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Absence vs Desertion vs Abscondment



It is trite that if an employment relationship exists between an employer and employee, the employee is expected to perform their duties, and the employer is expected to remunerate the employee for the duties performed. 


But what happens when an employee fails to report for duty without obtaining leave or permission.  Does the employment contract automatically end?  What recourse can the employer take in such instances?


In considering the above, it is important to first differentiate between absence, desertion, and abscondment. 


In labour related terms, absence can be described as the failure to report for duty.  This could be with or without permission (leave).  However, the failure to obtain permission could amount to misconduct, which in turn could lead to disciplinary action, and even dismissal. 


Desertion, on the other hand, can be described as the deliberate action of the employee to leave the workplace with the intent of terminating their employment relationship.  In such a case, the employee has no intention of returning to work.  Considering this, if an employee did not report for duty for an extended amount of time, (for example for being arrested), but then reports for duty one day, the employee should rather not be charged with desertion, but for absence.     


Similar to desertion, abscondment can be described as the deliberate act of evading legal or disciplinary proceedings of his employer, through their deliberate act of absence or desertion, with the intent of not returning to work.


Considering the definitions, it is usually best practise to rather charge an employee with absence without authorisation or permission, rather than desertion or abscondment.  In cases where an employee is charged with desertion or abscondment, the onus is on the employer to proof that the employee had truly repudiated their contract with their intention not to return to work.  In cases where the employee is charged with absence, the onus on the employer is merely to proof that the employee had been absent without permission or valid reason. 


This notation was support in the Labour Court case Khulani Fidelity Services Group v CCMA and Others [2009] 7LLR 664 (LC), where the Court held that unauthorized leave would only constitute desertion if the employee had fixed intention never to resume work.  In this case, the employee had actually sent a medical letter to the employer, through which the employee indicated that they are too ill to work.  The Court considered this fact and held that it had been unreasonable for the employer to have concluded that the employee had deserted their post.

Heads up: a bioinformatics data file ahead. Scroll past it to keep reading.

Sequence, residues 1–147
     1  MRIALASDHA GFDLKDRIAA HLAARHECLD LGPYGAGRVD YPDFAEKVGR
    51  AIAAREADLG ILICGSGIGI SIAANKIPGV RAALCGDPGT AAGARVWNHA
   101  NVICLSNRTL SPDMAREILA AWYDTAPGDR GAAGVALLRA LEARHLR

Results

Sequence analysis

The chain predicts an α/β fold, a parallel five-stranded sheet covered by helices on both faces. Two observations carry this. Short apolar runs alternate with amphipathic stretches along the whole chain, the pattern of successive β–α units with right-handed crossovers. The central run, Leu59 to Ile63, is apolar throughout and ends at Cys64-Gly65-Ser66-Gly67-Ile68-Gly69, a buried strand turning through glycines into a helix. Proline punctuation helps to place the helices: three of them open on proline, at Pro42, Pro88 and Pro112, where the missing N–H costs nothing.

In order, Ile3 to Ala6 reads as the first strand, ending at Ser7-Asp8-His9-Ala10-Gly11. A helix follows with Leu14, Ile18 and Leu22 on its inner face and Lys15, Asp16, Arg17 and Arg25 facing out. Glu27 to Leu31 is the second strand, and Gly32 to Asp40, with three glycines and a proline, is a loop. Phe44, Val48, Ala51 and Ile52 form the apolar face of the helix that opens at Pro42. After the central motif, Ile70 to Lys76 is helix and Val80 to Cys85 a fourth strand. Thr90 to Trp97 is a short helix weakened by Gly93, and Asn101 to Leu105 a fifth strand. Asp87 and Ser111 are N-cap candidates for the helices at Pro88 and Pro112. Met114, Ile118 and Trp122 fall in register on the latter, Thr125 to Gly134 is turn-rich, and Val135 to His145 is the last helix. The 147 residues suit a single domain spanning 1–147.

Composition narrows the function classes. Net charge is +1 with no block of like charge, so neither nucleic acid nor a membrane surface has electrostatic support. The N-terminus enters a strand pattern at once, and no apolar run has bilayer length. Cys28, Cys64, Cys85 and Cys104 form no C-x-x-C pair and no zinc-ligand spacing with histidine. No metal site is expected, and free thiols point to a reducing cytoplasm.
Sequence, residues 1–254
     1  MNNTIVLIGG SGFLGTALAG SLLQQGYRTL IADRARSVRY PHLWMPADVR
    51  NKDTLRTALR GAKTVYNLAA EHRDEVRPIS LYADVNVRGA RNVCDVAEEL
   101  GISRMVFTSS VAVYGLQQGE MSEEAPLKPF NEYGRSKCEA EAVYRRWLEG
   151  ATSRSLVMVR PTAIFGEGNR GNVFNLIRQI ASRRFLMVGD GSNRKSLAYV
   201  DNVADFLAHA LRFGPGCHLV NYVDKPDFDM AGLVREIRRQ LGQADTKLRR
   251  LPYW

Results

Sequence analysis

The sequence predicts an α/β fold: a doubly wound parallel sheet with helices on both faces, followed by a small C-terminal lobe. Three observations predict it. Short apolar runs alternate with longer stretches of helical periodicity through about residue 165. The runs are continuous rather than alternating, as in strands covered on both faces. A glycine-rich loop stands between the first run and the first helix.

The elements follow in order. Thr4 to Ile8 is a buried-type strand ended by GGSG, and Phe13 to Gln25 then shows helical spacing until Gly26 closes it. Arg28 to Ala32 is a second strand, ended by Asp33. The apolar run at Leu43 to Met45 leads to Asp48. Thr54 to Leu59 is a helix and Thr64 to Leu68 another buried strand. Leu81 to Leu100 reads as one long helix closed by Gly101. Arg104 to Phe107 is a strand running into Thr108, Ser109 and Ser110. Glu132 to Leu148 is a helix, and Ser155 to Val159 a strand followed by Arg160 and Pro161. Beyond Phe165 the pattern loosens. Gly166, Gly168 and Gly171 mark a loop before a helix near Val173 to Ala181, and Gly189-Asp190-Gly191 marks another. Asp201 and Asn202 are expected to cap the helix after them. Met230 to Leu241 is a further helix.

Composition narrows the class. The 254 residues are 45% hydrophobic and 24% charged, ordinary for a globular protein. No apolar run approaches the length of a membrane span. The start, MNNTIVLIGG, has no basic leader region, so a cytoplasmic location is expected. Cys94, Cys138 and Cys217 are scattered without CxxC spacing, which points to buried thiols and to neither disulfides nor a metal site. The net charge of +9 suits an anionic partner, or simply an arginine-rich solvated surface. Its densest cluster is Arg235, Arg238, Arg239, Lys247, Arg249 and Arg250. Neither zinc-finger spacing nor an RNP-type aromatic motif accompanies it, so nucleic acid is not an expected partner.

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In another case of Mofokeng v KSB Pump (2003) 24 ILJ 1756 (BCA), it was held that employers are entitled to terminate an employment contract if the length of the employee’s absence is uncertain.  In other words, if the employee would be absent for an extended period, without an expected date of return, it would be reasonable to terminate the employment contract. 


However, the process of dismissal must still be in accordance with fair procedure and that the employer had a duty where possible to establish whether an employee had any intention of returning to work.  It is therefore necessary, where the employee could be found, and is able to attend, that the employee must be invited for a disciplinary hearing to determine the intention of the employee.


It is best practice to have a set policy in place to deal with matters of absence.  This will ensure that the company take consistent action against such forms of misconduct, and that the employees are given a fair opportunity to explain the reasons behind the absence.  It would also be beneficial if the policy explains the exact penalties for such forms of misconduct, so as to not leave anything unclear.